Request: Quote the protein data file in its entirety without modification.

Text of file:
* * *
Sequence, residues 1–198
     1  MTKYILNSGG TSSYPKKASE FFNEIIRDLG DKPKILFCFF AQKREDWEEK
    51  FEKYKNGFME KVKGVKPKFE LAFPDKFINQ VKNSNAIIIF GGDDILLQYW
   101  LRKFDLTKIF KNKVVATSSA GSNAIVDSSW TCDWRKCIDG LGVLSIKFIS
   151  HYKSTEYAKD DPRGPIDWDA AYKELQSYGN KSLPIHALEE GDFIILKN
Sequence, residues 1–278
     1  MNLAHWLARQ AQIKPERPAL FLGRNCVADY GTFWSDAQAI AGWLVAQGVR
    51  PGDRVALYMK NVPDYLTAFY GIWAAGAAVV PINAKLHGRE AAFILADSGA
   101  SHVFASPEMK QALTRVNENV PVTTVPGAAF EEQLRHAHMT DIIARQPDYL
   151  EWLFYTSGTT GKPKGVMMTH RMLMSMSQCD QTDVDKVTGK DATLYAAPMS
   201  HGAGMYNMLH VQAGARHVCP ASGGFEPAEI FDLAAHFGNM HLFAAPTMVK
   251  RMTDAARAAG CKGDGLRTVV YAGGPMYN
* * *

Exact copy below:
Sequence, residues 1–198
     1  MTKYILNSGG TSSYPKKASE FFNEIIRDLG DKPKILFCFF AQKREDWEEK
    51  FEKYKNGFME KVKGVKPKFE LAFPDKFINQ VKNSNAIIIF GGDDILLQYW
   101  LRKFDLTKIF KNKVVATSSA GSNAIVDSSW TCDWRKCIDG LGVLSIKFIS
   151  HYKSTEYAKD DPRGPIDWDA AYKELQSYGN KSLPIHALEE GDFIILKN
Sequence, residues 1–278
     1  MNLAHWLARQ AQIKPERPAL FLGRNCVADY GTFWSDAQAI AGWLVAQGVR
    51  PGDRVALYMK NVPDYLTAFY GIWAAGAAVV PINAKLHGRE AAFILADSGA
   101  SHVFASPEMK QALTRVNENV PVTTVPGAAF EEQLRHAHMT DIIARQPDYL
   151  EWLFYTSGTT GKPKGVMMTH RMLMSMSQCD QTDVDKVTGK DATLYAAPMS
   201  HGAGMYNMLH VQAGARHVCP ASGGFEPAEI FDLAAHFGNM HLFAAPTMVK
   251  RMTDAARAAG CKGDGLRTVV YAGGPMYN